Taking it to the BioBank
Mark Bouzyk to tell you what he does, and his answer depends on who is asking
If you’re a clinical investigator looking to add genetic analysis to your federally funded study, he might talk to you about the need to select the most appropriate (and cost-efficient) genotyping platform. He might tell public health faculty about his plans to partner with the American Cancer Society (ACS) to design a large-scale population study in search of genetic links to breast cancer and obesity. He might share information with researchers at the Winship Cancer Institute to help them determine why some patients do well on a trial drug while others do not.
In short, Mark Bouzyk—who became director of the Center for Medical Genomics (CMG) just over a year ago—is banking on the future of genomics. He sees enormous untapped potential for clinical genetics at Emory, and he wants to invest for the future.
“The costs of sequencing and genotyping have dropped considerably in the past three years. Now high-throughput genetic analysis is within the budget of many typical NIH RO1 research grants,” he says. “Just a short time ago, it was prohibitively expensive.”
This drop in cost, coupled with a wealth of information about the human genome now in the public domain, has enabled Emory both to pursue cutting-edge genetic research and to develop new genetic and diagnostic screening tools.
For example, a key focus of the CMG is on single nucleotide polymorphisms (SNPs). These are DNA sequence variations that occur when a single nucleotide in the genome differs among members of the same species. SNPs with a minor allele frequency of greater than 1% occur approximately every 300 bases along the human genome, and these common SNPs make up 90% of human genetic variations. These variations in the DNA can affect how different humans respond to diseases, bacteria, viruses, and drugs.
More 10 million SNPS have been identified and mapped on the human genome—in specific study populations can yield important information about genetic predisposition to disease and how effective different treatments will be.
Creating genetic wealth
Under the leadership of geneticist Steven Warren, Emory established the CMG in 2002 to provide DNA extraction, storage, and analysis capabilities in support of work done by faculty in the Department of Human Genetics. In August 2005, the center moved into a brand new high-throughput genetic analysis lab in the same building with geneticists who counsel patients about risk factors for disease. The CMG is gearing up to rapidly translate new genetic knowledge into new diagnostic tools.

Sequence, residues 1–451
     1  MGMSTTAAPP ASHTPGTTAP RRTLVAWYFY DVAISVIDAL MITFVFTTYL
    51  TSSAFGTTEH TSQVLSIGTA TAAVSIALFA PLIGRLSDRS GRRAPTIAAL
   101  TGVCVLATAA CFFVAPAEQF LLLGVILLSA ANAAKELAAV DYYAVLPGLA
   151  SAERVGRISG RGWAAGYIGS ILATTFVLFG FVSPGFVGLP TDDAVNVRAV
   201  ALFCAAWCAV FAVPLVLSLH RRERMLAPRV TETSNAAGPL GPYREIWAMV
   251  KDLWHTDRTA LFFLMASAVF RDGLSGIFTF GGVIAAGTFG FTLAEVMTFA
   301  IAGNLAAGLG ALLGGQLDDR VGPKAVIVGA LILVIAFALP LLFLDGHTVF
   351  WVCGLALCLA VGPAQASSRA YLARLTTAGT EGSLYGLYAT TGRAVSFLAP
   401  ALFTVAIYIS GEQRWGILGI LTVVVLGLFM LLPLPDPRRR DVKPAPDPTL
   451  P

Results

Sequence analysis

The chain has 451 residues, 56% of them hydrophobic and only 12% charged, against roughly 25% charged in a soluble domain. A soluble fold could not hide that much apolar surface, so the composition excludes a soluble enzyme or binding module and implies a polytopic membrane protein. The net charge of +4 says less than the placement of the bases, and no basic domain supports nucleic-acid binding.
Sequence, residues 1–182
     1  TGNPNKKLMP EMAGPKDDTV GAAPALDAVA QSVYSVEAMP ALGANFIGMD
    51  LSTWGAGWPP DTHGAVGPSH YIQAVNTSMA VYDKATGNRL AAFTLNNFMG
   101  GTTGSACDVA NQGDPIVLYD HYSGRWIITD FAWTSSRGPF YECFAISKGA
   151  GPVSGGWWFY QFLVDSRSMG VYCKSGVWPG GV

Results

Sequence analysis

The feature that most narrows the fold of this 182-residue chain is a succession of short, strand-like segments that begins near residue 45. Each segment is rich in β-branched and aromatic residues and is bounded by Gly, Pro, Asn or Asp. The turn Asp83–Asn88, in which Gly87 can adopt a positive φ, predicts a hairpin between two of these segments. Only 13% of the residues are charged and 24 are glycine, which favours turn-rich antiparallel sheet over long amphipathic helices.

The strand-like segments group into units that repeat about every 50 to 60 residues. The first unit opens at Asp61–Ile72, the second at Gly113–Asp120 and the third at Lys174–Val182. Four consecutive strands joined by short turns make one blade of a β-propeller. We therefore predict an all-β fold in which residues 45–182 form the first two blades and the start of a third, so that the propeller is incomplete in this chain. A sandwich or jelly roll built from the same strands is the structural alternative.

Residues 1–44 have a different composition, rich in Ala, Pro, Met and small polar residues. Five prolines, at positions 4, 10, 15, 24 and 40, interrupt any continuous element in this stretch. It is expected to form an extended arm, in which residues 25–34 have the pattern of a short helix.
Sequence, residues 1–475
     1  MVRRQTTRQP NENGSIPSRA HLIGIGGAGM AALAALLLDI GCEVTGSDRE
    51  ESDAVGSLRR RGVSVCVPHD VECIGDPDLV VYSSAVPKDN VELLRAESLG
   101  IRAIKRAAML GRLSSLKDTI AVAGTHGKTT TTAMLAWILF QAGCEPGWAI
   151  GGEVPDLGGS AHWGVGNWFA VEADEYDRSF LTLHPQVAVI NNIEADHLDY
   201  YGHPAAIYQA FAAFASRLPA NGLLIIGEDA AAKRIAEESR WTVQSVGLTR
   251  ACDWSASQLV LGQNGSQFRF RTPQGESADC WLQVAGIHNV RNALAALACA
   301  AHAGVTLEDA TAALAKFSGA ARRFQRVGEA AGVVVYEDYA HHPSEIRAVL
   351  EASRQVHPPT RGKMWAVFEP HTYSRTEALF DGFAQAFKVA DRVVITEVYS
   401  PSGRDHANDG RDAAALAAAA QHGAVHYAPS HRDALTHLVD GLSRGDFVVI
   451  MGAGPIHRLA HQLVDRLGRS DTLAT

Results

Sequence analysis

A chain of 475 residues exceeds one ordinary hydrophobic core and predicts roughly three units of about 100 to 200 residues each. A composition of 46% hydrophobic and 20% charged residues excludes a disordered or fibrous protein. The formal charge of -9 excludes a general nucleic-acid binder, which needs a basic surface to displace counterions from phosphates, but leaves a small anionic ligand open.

Currently, the center is seeking certification as a clinical lab through the College of American Pathologists and meeting requirements of the federal Clinical Laboratory Improvements Act. With blessing from these organizations, it can pursue development of clinical tests that follow through on its basic science discoveries.
“If we find that a gene is linked to a particular disease or condition, then we can develop a diagnostic test and pass it down the corridor,” says Bouzyk.
In addition, the center provides support to investigators across the health sciences who want to incorporate genetic studies into other research. With gene sequencing and genotyping technologies becoming less expensive, many investigators can now afford to perform either whole or partial genome scanning or large-scale candidate gene analysis in search of variations linked to a specific disease or trait of interest. However, first they need to know which techniques are best suited to the questions they are trying to ask. That’s where the CMG comes in.
The center also can help investigators determine the affordability of the technology. For example, where some studies may project an average cost of $1 per genotype, the center may be able to reduce this cost by 30 cents or even much lower, through a combination of elegant study design and targeted selection of the right technology.
Prior to joining Emory, Bouzyk worked for pharmaceutical giant GlaxoSmithKline, studying the ways that genetic variations indicate which people are better candidates for a particular drug. If drug companies can identify who has the most potential to do well on a drug, they are able to more closely select clinical trial participants for drugs that might perform less well in trials using a broader selection of the general public.